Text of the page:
The Catholic Education Foundation is on a race to meet its fundraising goals by the end of its fiscal year, June 30.
The CEF’s normal annual fund period was cut short this year due to the COVID-19 pandemic, said Richard A. Lechleiter, CEF president.
“March and April normally starts our annual fund fundraising period but we delayed the launch to early May because it wasn’t appropriate given the circumstances,” Lechleiter said in a phone interview last week.
The foundation staff aims to raise about $250,000 by the end of the month in order to fulfill the need for tuition assistance.
Despite the cancellation of the foundation’s single largest fundraising event, the Salute to Catholic School Alumni dinner exceeded its goal of $1.2 million.
The event, originally scheduled for March 18, netted a record $1.25 million. Funds from the event go to families who cannot afford the full cost of Catholic elementary school tuition.
Most patrons and donors, Lechleiter noted, continued with their pledged gift amounts even with the cancellation of the event.
“It was obviously the right thing to do to cancel it. But, our concern was it’s the biggest fundraising event — what would that mean to us and our families. But by the grace of God, we pulled it off,” he said.
Last year, the foundation distributed about $6.5 million in tuition aid. $1.6 million of that total comes from the Salute dinner and the Salute to THE GAME Luncheon, held prior to the annual St. Xavier/Trinity football game.
“While those events are a big percent of our total income, we have to do so much more fundraising outside those events to make our goal,” he said.
The first round of awards for the 2020-2021 school year was announced to families at the end of May. Approximately, 2,750 students received $5.1 million in tuition assistance awards. The average award per student is $1,850, Lechleiter said.
Additional rounds of awards are set to go out in June and July. Lechleiter said the foundation expects requests for tuition assistance to increase due to the economic uncertainty.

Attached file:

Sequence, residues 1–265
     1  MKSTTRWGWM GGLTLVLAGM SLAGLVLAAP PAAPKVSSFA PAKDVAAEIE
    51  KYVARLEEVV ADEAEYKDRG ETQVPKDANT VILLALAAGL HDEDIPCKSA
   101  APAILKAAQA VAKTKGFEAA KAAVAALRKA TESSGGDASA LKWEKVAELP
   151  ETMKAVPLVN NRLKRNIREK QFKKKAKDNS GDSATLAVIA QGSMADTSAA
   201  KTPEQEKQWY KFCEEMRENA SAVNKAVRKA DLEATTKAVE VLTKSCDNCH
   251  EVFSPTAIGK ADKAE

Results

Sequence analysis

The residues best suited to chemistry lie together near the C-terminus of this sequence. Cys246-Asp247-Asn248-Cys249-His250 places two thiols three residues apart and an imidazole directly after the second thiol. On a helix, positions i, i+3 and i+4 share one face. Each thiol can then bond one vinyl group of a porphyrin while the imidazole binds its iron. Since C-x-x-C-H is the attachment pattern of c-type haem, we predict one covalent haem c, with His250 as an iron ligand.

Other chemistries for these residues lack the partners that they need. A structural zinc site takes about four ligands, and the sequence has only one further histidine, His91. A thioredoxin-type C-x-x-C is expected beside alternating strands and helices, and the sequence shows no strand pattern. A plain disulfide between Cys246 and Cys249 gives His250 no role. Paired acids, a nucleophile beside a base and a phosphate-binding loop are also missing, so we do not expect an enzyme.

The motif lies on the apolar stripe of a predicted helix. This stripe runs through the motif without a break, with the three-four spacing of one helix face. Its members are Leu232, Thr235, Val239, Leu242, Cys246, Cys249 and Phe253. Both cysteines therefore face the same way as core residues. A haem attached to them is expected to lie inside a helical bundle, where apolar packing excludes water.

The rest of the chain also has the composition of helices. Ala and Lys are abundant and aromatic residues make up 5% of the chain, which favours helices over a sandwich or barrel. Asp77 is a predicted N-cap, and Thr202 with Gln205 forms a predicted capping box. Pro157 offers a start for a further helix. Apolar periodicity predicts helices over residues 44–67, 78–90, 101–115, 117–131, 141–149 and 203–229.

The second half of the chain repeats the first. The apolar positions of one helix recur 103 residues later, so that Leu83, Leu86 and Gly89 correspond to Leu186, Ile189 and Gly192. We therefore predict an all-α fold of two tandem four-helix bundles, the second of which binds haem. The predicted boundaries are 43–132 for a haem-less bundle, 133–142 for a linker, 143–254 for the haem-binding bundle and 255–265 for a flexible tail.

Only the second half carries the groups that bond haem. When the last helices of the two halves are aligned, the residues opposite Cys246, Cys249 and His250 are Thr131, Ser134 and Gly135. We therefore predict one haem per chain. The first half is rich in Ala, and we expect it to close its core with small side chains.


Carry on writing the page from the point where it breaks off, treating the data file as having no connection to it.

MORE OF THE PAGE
Lechleiter said the foundation expects to award $6.8 million in tuition aid for the coming academic year.
“We’re going to have kids in need in record numbers. We need record dollars to fulfill that,” he said. “We have to fulfill this mission, to stand up and accompany our families year after year. That’s a requirement, not an option.”
To assist with the annual fund shortfall, a regular donor agreed to donate $100,000 if the 25 members of the CEF board of directors would commit to raising $200,000 among themselves.
“The board exceeded that goal and it was a huge show of support. During a really tough period, they stepped up in a major way to help our families,” he said.
An added source of pressure, Lechleiter said, has been the dip in the foundation’s endowment. In December 2019, the endowment stood at $23.2 million. By March 31, that figure dropped to $17 million. As of last week, it’s back up to $22 million. The stability of the endowment is crucial to the future success of the foundation’s ability to assist families, Lechleiter said. About $1 million of each year’s total awards comes from the endowment.
To learn more about the CEF, visit ceflou.org.